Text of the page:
2) Put the sliced potatoes in the Dutch oven.  Sprinkle with ¼ teaspoon fine sea salt and ¼ teaspoon coarse ground black pepper.  Add enough water to the pan to cover the sliced potatoes, approximately 1 ½ cups.  Bring the potatoes and water to a boil, then cover the pan and reduce the heat to simmer the potatoes.  Cook the potatoes until they can be pierced easily with a fork.  Turn off the heat under the pan and allow the potatoes and cooking water to remain in the pan, covered, to “rest” approximately 10 – 15 minutes.  After the “resting period”, remove the lid and discard the loosened potato skins from the cooking liquid.
3) To puree the mixture, use a slotted spoon to remove the potatoes from the cooking liquid, reserving the liquid in the pan.  Put the potatoes in the bottom of a blender.  Next, sprinkle the chopped sage, tarragon and thyme over the cooked potatoes in the blender.  Top the soup ingredients with the sautéed vegetable mixture.  Pour ½ cup of the potato cooking liquid over the ingredients in the blender. Place the top on the blender and puree the mixture for approximately 30 seconds until smooth.  Remove the plug cap from the blender lid and with the blender on the puree setting, gradually pour the remaining potato cooking liquid in a thin stream into the potato soup mixture.
4) Taste the soup mixture to determine if additional salt is needed.  With the blender on the puree setting, add the heavy cream and pulse briefly until blended.
5) Pour the soup from blender into soup bowls. Garnish with shredded cheddar cheese, if desired.  Serve immediately.  Makes 3 to 4 meal-sized servings.


Sunday, August 7th, 2016

The recent warm, humid weather has prompted me to spend more time indoors…and more time indoors has resulted in the creation of new recipes and new sewing projects… and all this creativity has inspired new classes for my teaching studio.  For “Foodies”, there are two new cooking classes to whet your appetite,  yielding more than 10 different classes, all designed to sharpen your culinary skills.  In the area of sewing, the existing Sewing III class has been expanded.  Now, instead of teaching you to create only one type of skirt, the expanded class offers you the opportunity to choose your skirt type.  For example, do you want an elastic waist or a one with a zipper…a straight skirt or flared…knit fabric or woven?

To read about these changes, click on the class information tabs at the top of this webpage.  If you want to explore new skills, contact me at for further information or to schedule a class.

Friday, July 29th, 2016

    Recently, my husband and I had the opportunity to travel to Spain with a group from our church to hike a portion of the Camino de Santiago, an ancient pilgrim walking route.  Our pilgrimage extended from Baiona, near the Portuguese border, to Santiago de Compostelo, a hiking distance of approximately 75 miles, or a little more than 100 kilometers, which we hiked in 5 1/2 days.
    In preparing for the pilgrimage, I knew that a good breakfast would almost be as important as the right hiking shoes…but I also knew that often, an inn’s continental breakfast would likely consist of pastries and coffee, which would not provide the energy needed for our journey on foot.  I made the decision to carry my own muesli for a more substantial breakfast during the pilgrimage, but recognized that the bulk of six servings of muesli would add weight to the backpack I carried each day.  To put my muesli on a “weight-reduction-plan”, I took out the steel-cut oats and some of the seeds, but left in the nuts and the sunflower and pumpkin seeds for the protein they provided.  Even though fruit was often not available at the inns along the pilgrimage, I found warm milk that was usually used for coffee and small servings of yogurt, which combined with my muesli, gave me a “happy tummy” start to the day…and looks of envy from my fellow pilgrims!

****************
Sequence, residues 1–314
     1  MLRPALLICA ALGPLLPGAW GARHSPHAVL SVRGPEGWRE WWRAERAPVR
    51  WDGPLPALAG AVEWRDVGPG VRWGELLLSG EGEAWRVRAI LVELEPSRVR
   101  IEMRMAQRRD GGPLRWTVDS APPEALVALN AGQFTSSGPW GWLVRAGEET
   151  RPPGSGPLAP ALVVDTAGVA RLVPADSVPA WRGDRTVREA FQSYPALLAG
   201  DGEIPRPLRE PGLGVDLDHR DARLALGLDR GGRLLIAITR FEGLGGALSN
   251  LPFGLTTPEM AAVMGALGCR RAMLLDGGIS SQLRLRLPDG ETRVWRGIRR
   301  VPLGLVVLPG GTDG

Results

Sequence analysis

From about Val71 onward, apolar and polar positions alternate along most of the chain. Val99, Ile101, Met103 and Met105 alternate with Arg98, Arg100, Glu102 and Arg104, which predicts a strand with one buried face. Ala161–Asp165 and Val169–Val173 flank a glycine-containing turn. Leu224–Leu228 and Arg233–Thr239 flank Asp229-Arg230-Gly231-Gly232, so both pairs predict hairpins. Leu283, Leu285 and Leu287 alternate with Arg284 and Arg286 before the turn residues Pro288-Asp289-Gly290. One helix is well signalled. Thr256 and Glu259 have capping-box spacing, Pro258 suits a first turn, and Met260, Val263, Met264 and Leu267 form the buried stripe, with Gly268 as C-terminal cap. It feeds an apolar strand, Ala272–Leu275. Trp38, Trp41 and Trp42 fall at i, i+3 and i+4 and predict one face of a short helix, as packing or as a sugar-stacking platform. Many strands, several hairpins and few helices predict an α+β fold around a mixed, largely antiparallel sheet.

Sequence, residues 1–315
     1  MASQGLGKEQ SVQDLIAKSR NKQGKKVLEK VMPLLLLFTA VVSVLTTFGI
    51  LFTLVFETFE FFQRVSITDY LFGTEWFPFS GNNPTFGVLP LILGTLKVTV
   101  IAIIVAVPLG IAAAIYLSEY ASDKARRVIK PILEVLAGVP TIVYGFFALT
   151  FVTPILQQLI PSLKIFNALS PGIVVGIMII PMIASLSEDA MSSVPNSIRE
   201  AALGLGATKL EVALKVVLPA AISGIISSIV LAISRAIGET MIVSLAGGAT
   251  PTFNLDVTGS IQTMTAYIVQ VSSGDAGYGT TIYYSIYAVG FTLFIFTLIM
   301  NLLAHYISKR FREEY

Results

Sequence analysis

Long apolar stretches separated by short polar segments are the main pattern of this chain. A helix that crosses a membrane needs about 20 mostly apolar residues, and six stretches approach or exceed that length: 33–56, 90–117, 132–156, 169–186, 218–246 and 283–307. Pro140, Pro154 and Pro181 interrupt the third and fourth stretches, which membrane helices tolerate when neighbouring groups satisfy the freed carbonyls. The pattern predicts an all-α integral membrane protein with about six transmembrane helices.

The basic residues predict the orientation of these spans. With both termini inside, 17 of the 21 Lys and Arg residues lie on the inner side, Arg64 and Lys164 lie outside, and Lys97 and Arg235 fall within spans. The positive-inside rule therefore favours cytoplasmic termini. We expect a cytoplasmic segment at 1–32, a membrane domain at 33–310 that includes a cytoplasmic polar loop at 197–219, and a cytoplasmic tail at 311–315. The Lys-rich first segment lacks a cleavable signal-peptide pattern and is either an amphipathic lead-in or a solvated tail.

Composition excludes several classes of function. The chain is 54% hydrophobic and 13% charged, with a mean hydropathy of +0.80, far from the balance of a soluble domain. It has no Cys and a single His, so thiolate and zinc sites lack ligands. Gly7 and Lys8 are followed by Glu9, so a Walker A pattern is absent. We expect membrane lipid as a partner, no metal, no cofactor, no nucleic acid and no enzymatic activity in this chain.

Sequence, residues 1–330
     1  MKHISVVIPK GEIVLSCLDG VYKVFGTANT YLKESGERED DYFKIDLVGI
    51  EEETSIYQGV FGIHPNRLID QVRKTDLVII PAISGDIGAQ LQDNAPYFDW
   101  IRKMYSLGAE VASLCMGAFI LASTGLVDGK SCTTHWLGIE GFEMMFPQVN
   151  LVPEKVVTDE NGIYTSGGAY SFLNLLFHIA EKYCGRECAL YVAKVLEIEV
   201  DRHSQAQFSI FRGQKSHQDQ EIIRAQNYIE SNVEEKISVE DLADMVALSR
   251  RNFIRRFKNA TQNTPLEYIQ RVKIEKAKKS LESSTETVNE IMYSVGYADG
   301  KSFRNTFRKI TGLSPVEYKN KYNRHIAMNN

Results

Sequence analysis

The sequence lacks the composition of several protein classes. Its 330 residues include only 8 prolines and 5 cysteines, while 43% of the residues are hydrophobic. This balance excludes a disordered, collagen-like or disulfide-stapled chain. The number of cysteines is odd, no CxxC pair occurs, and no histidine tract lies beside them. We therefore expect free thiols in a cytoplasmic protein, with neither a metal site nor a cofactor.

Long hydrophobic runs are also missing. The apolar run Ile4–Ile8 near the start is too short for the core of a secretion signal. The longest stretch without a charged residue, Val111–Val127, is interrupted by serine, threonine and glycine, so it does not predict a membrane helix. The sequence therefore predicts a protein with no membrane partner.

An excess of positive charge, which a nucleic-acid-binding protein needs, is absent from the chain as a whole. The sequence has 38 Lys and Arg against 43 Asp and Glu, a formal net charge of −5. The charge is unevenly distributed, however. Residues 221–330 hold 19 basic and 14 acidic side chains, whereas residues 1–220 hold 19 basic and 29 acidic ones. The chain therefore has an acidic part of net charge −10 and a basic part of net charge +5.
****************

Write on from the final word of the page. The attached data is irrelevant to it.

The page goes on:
Buen Camino!

Murray’s Muesli – Travel Version

4 cups old-fashioned oats (not instant)
1 cup dried, unsweetened coconut (sold in bulk as coconut chips)
¼ cup flax seed (flax seed…not ground as meal)
¼ cup unsalted sunflower seeds
¼ cup raw pumpkin seeds
¼ cup sliced almonds, coarsely broken
¼ cup walnuts, coarsely broken
¼ cup pecans, coarsely broken
¾ cup raisins
5 organic, pitted dates, chopped (I use Medjool dates)
5 organic dried plums, chopped (otherwise known as prunes)
¼ cup toasted wheat germ or oat bran (I sprinkle wheat germ over the dates and dried plums on a cutting board before chopping.  This reduces the tendency for the dates and dried plums to stick together as they are being chopped. Oat bran can be used instead of wheat germ to make the recipe gluten free.)
Add all the ingredients in a large bowl and mix together with a wooden spoon or your hands until blended. Store the muesli in an airtight container.
This combination of ingredients makes approximately 13 one-half cup servings.
To Serve
Place ingredients in cereal or soup bowl in the following order:
  1. ½ cup Murray’s Muesli
  2. 3 heaping spoonfuls of yogurt (approximately ¼ cup)
    I use plain, 2% Greek yogurt which I sweeten with 2 teaspoons of organic honey per 17.6 ounce container, but feel free to use your favorite yogurt.
  3. ½ – cup chopped fruit
    I try to use a combination of whatever fruit is in season, and start with a firmer fruit, such as apples and/or pears. Softer fruits such as peaches, plums, nectarines, bananas, blackberries, strawberries, kiwi and/or blueberries are all wonderful additions. I usually chop a large quantity of fruit in the food processor, and then store it in a container to use for several days so I do not have to cut up fruit each morning.  My favorite fall and winter combination is 2 Fuji apples, 2 Bosc pears, 1 kiwi and ¾ cup fresh or frozen blue berries or blackberries. In summer, when fresh peaches are available, I add 2 peaches to my fruit mixture but frozen peaches, softened, can be used when fresh peaches are not in season.  Dice the fruit into small pieces. Refrigerate the chopped fruit in an air-tight storage container.  This amount of fruit should provide enough for your muesli for at least a week.
  4. Kefir (or milk), as desired.
    I add approximately ⅓ cup of kefir (or milk), poured around the other ingredients at the edge of the bowl, leaving the yogurt in the center. Almond or coconut milk can also be used.
Alternate serving methods include:
(a) Add yogurt, fruit and kefir (or milk) to the dry muesli mixture in a bowl. Cover the bowl and refrigerate the muesli mixture overnight; or
(b) Blend ½ cup muesli with ½ cup warm milk.  Top with a small amount of yogurt and/or fruit, if desired.